Two throws early in team work on Saturday showed Ash starting to more consistently translate his upside into production on the field. On the first, he found Mike Davis over the middle in a small window between the underneath coverage and the safety over the top. On the next, he found a diving DJ Grant in a similar situation. Throws that McCoy can't really make.

Sure, Ash's touch still deserts him at times, but it's now happening less often and more often he's making the type of throws that he mostly only hinted at last season. As mentioned in the Saturday recap, Ash was also decisive in knowing when to pull the ball down and run, even if it meant that he wasn't consistently going through his reads, picking up major yardage multiple times, including on one play when he avoided a blitzing Steve Edmond, who had come through the middle mostly unmolested.

According to co-offensive coordinator Bryan Harsin, more reps have already made a difference with Ash, as expected (and hoped):

I like what David's done. The biggest thing for David is having another year of experience. And for both of those guys.

The anxiety of not knowing where to go in practice or what the drills are or where we go in the next period - that's gone. The anxiety of not knowing how to call to the play exactly in the huddle - that's gone. Now, he's able to concentrate on the details.

Harsin also addressed the specific areas of focus with Ash during the offseason, which also included doing a better job of managing the game and living for another play, something Harsin has continually stressed over the last year, but now may be starting to happen:

David's a confident guy. It was just going back and getting a realistic approach to some of those scenarios and games that weren't good. What was bad about it? Well, maybe it was footwork, or mechanic or he was late. That's really what it is.

And just going back in our film study for the spring and even in the bowl practices, it really helped us to go back and re-evaluate those games that he struggled in and figure out why and understand it. I thought in the bowl practices, I thought you could see things in his mind starting to click about, 'What's my job? What's my responsibility out there as a quarterback?'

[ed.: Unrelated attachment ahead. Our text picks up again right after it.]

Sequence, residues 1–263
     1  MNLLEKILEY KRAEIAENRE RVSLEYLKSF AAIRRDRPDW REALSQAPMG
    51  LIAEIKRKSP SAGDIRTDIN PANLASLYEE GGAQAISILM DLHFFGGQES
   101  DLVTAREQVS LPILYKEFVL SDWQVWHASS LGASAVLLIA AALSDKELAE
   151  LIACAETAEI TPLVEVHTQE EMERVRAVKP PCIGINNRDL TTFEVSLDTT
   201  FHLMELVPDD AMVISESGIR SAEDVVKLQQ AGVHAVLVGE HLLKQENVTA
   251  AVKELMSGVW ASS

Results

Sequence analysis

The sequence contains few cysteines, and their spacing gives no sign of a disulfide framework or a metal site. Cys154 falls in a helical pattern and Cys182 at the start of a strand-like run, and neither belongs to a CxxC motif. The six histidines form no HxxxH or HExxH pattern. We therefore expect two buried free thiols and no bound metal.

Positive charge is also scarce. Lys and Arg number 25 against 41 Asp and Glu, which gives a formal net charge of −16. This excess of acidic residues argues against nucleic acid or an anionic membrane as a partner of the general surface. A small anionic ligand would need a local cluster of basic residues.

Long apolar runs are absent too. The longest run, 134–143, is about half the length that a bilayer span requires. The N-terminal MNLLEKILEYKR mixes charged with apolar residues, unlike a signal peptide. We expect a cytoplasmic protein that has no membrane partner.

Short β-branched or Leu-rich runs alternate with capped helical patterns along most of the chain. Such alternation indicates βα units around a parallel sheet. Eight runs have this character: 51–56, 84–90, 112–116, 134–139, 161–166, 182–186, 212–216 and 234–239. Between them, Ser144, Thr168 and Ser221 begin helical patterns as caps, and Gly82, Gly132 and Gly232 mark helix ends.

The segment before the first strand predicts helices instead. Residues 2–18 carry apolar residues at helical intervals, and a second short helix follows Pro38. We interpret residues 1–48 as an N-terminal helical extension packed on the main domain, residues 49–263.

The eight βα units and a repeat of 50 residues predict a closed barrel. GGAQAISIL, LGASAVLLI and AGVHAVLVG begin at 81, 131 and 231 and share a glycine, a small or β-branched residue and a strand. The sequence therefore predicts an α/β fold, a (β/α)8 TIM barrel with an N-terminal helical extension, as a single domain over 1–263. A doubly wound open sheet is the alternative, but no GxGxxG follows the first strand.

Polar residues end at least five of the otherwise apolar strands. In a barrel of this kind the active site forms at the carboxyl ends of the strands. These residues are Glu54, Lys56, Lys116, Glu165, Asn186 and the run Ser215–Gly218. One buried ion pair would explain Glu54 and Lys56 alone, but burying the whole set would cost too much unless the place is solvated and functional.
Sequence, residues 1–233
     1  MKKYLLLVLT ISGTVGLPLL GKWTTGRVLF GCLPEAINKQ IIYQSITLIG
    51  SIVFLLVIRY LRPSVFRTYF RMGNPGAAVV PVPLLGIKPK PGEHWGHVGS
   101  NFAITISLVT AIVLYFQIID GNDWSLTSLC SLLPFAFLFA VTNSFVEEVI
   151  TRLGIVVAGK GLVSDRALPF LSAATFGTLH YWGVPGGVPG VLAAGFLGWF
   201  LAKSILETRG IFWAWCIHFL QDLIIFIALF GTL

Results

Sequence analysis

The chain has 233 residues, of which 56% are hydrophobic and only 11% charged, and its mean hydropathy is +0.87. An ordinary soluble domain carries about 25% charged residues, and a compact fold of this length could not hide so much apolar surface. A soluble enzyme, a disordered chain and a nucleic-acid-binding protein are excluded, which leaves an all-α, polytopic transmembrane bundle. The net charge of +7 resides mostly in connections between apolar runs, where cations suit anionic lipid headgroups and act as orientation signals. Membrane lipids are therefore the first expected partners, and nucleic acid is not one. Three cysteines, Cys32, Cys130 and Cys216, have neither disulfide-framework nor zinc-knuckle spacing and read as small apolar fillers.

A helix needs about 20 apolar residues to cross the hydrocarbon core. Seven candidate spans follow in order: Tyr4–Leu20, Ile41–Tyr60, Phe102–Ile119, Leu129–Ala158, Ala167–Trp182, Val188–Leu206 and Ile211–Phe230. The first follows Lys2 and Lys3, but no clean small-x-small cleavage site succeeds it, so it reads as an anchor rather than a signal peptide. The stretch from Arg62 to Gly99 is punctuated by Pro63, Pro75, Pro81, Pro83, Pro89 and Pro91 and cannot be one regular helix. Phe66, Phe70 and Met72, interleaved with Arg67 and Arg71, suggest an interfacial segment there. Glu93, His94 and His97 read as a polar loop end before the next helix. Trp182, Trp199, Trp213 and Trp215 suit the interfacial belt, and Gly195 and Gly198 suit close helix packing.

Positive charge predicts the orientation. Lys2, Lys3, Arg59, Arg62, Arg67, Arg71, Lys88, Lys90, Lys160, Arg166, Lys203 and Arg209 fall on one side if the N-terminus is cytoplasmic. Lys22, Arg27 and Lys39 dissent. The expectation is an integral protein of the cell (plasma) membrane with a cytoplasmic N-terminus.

It started to make more sense. He started to feel more comfortable with what we were doing. That's really it. He's taken the next step in his preparation before we got into spring practice of studying the system and having a better understanding of the expectations for these plays and in these situations.

It could be easy to brush all that off as simple coach-speak, but, again, the tangible signs of progress back up what Harsin is saying.

On Saturday, it certainly appeared like there was some significant separation between Ash and McCoy, which raises the question of if, or when, Texas should name a starter this spring. Golden is apparently now falling firmly on the side of naming Ash the starter this spring, but it's not hard to imagine that Brown could allow the team to go into the summer without publicly naming a starter.

But is that a good idea when Ash could use the summer with the authority of being the starter to truly make this football team his -- not only what needs to happen, but also what is happening.